Target dose: Each product releases a specific amount of medication into the blood over a given period of time. The FDA requires that the number value for each product represent the total amount of the medication in the tablet/liquid/capsule/patch, not the amount in the blood at any one time. Thus, if the medication, let’s say methylphenidate, is in the form of a four-hour tablet, and it releases 5 mg over that time, it is called methylphenidate 5 mg. A capsule of Adderall that releases 10 mg immediately and 10 mg four hours later is called Adderall XR 20. The number is not based on the amount released at any one time, but on the total amount of the medication in the capsule.

Release mechanism: This indicates the length of time a medication will remain available and active. Stimulants come in a variety of forms — tablet, capsule, liquid, skin patch — and release medication in an hour, four hours, or over eight or 12 hours.

How Does Concerta Work? How Is It Different From Other ADHD Medications?

Many people are confused about the ADHD medication Concerta. Designed to last 12 hours, Concerta has a “sponge” on the bottom of the capsule, medication on top, and a tiny hole above the medication. As the capsule passes through the gastrointestinal tract and absorbs moisture, the sponge expands and pushes the medication out of the hole.

[Read: Your Toughest ADHD Medication Questions, Answered!]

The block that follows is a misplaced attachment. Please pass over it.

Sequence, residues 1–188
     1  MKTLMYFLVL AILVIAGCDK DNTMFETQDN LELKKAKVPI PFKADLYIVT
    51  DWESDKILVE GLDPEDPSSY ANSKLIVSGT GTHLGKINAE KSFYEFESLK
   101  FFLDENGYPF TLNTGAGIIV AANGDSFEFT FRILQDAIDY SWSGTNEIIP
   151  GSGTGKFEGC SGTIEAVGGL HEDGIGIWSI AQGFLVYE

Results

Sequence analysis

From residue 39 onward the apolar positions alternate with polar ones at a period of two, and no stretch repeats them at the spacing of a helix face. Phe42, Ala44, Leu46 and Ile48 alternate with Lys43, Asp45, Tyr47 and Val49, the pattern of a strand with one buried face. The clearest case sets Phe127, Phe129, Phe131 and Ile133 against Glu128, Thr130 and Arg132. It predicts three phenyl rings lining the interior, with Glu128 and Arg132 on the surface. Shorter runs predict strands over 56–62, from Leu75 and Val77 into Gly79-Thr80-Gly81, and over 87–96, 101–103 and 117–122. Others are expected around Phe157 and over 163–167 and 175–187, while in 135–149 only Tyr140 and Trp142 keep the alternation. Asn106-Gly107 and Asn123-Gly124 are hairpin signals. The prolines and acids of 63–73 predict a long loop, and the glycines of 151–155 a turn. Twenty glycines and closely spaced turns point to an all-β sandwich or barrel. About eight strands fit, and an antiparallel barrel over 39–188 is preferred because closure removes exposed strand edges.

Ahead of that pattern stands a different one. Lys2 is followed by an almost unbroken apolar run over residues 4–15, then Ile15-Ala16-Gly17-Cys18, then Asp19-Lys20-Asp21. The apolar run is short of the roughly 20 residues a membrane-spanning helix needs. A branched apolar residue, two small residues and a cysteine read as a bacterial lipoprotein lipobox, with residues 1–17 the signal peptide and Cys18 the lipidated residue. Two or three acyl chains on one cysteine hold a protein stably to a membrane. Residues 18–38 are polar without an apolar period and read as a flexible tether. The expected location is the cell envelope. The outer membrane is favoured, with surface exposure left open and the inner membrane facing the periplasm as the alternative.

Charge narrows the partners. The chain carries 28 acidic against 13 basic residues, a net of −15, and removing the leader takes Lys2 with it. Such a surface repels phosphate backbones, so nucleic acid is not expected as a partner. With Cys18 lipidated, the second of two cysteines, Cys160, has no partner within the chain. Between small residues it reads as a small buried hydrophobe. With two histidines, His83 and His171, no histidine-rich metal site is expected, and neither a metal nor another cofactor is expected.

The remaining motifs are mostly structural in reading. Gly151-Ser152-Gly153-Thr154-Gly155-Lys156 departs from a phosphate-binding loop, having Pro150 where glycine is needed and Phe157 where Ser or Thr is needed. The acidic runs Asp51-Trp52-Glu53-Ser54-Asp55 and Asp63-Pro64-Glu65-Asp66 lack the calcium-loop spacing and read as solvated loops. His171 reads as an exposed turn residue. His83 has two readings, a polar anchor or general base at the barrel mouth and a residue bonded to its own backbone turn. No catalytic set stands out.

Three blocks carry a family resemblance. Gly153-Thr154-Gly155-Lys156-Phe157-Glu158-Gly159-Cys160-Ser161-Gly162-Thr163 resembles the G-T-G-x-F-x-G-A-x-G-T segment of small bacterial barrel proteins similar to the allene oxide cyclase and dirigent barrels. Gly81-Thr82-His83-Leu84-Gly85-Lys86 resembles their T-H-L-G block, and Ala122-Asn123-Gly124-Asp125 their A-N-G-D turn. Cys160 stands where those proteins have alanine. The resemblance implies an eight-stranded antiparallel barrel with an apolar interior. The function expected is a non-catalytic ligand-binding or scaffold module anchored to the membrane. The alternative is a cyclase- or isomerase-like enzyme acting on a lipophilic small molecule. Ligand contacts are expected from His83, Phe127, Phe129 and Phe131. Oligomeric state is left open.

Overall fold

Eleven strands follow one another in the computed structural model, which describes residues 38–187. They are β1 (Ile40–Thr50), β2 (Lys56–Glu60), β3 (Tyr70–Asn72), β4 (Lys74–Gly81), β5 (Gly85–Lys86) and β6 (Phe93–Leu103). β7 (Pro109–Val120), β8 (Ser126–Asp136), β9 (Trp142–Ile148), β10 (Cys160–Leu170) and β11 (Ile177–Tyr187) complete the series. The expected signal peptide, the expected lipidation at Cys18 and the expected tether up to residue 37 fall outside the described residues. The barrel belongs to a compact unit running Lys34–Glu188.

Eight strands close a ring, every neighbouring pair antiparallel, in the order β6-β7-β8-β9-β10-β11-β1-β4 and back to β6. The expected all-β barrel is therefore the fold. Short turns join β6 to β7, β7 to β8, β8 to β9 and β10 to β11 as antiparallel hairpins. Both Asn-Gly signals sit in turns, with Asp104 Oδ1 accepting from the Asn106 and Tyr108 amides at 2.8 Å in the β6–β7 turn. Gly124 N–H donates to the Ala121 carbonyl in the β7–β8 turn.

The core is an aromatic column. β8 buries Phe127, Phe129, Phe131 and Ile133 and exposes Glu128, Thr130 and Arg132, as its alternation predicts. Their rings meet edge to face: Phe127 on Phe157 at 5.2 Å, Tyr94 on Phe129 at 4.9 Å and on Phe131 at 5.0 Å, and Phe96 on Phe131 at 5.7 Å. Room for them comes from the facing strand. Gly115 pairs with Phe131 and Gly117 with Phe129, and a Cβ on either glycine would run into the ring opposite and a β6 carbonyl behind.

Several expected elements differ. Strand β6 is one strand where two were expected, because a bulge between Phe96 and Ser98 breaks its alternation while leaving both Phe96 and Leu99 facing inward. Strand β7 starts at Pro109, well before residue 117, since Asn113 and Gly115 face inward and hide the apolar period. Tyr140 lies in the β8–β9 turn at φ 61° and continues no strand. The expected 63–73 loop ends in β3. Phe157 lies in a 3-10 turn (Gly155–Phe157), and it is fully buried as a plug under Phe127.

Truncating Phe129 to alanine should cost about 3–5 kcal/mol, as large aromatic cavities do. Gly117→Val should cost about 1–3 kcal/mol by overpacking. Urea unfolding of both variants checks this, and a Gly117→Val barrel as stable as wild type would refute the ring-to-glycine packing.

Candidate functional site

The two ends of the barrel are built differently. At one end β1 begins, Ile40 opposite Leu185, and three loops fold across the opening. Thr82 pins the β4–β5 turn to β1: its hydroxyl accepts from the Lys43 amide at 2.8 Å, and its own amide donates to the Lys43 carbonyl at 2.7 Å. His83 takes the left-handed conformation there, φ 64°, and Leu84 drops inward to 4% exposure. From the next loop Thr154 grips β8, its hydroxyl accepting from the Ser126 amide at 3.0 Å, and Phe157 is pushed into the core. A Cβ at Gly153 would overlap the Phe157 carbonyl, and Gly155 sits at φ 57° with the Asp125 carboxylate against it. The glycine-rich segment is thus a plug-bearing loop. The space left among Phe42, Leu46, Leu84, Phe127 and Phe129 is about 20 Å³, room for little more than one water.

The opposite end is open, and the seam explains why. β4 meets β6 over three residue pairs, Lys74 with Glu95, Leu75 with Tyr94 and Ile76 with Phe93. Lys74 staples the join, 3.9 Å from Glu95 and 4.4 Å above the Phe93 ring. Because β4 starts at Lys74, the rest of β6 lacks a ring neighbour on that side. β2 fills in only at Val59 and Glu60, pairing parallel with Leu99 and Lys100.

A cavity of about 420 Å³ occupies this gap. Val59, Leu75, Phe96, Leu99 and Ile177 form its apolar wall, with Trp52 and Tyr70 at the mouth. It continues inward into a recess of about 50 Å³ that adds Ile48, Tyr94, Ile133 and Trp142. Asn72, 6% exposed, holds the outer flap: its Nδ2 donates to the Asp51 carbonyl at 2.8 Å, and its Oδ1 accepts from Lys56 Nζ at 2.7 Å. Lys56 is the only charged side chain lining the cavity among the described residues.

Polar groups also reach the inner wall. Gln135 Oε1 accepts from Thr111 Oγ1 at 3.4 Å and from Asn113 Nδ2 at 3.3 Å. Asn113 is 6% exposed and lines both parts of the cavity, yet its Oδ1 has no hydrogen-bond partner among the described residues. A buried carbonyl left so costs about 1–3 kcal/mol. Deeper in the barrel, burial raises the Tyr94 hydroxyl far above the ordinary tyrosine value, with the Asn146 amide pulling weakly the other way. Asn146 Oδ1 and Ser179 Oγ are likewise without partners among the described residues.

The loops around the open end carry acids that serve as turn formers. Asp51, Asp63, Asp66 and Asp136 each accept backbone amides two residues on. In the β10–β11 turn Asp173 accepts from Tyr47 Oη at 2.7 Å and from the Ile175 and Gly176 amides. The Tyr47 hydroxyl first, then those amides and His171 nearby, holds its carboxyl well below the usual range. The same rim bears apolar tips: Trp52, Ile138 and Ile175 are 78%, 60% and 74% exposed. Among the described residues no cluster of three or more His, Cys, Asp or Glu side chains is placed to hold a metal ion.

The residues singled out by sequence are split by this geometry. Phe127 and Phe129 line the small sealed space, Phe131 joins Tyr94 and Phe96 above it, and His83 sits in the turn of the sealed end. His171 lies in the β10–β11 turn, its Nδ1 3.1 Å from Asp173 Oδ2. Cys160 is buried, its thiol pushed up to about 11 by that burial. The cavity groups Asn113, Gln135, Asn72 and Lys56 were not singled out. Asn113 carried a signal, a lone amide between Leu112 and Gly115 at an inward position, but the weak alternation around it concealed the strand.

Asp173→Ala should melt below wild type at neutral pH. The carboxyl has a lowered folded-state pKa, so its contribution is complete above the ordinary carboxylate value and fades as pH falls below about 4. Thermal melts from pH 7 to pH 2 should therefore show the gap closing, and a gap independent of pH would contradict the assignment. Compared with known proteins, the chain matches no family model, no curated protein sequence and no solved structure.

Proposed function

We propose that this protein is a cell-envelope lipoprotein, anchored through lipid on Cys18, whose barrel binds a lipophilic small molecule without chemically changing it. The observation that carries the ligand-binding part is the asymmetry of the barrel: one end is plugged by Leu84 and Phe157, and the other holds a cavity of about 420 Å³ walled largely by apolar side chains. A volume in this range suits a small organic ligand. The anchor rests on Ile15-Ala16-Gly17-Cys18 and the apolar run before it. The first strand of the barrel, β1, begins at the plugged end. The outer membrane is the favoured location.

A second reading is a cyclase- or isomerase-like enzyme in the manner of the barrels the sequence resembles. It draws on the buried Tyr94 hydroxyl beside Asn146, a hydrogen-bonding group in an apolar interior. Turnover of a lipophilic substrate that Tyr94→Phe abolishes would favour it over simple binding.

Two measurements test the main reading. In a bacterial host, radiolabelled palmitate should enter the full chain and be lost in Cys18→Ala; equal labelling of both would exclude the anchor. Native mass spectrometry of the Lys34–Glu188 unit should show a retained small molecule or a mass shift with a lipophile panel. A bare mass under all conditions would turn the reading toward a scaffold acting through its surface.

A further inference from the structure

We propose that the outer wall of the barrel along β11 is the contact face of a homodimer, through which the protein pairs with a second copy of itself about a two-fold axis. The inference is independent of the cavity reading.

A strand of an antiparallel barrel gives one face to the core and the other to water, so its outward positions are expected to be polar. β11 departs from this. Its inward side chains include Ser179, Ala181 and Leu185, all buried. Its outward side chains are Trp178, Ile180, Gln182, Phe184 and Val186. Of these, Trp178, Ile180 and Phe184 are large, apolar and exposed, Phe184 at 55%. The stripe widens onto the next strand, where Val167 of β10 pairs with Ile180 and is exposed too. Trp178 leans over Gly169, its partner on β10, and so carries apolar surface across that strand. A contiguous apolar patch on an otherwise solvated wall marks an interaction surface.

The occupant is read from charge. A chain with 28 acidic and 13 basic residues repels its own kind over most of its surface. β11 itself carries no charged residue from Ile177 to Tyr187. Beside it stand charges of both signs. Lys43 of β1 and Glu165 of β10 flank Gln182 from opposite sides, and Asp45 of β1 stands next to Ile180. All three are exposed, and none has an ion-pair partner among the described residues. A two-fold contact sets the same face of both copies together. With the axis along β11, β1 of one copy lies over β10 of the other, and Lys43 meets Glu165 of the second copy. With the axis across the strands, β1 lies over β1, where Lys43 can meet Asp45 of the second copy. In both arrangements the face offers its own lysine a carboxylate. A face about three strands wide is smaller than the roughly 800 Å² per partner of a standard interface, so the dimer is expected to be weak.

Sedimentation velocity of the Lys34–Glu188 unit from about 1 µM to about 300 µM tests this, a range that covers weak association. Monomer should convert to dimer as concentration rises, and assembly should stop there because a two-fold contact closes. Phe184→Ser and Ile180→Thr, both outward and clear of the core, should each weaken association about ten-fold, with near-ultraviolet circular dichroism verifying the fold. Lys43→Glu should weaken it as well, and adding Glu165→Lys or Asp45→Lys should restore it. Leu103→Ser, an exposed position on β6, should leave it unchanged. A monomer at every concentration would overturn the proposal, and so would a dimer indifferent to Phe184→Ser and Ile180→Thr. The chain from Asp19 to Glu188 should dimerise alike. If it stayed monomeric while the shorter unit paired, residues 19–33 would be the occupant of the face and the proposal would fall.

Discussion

The number value assigned to each dose is confusing. Take Concerta 18 mg. If the goal is to release 5 mg consistently every four hours over a 12-hour period, then there needs to be 15 mg in the capsule. However, it takes time for the sponge to become moist enough to start to expand. So an initial release of medication is needed until the sponge starts working. Researchers figured out that it should be 3 mg. Thus, to release 5 mg over 12 hours, one needs the initial 3 mg, plus 5 mg every four hours during the 12 hours. The total amount of medication is 18 mg. That’s why the medication is called Concerta 18.

Same ADHD Medication, Different Formulations

Medications such as methylphenidate and dextro-amphetamine also come in liquid forms. The patient information sheet inside the medication’s box or packaging states how much medication is in each unit of liquid; for example, 5 mg per 5 ml of liquid. Another methylphenidate product — Daytrana* — is a patch that releases medication through the skin and into the bloodstream. It should start to work in about one hour, and remain effective until about one hour after being removed (usually around nine hours). Daytrana 30 mg contains about 30 mg of methylphenidate, and releases about 3.3 mg of it per hour.

As if that weren’t challenging enough, amphetamine and methylphenidate are made of two isomers, called dextro and levo isomers. When the first amphetamine products used for ADHD were studied, experts learned that the dextro form was more effective in managing symptoms than the levo form. Thus, dextro-amphetamine became the primary product used to treat the condition. (Adderall, prescribed to many patients who have been diagnosed with ADHD, is a mixture of dextro- and levo-amphetamine, plus other amphetamine salts.) A similar finding was recently made on methylphenidate. Researchers learned that the dextro form was more effective than the levo form. Dextro-methylphenidate is manufactured under the name of Focalin.

*FDA is warning that permanent loss of skin color may occur with use of the Daytrana patch (methylphenidate transdermal system) for Attention Deficit Hyperactivity Disorder (ADHD). FDA added a warning to the drug label to describe this skin condition, which is known as chemical leukoderma. See the FDA Drug Safety Communication for more information.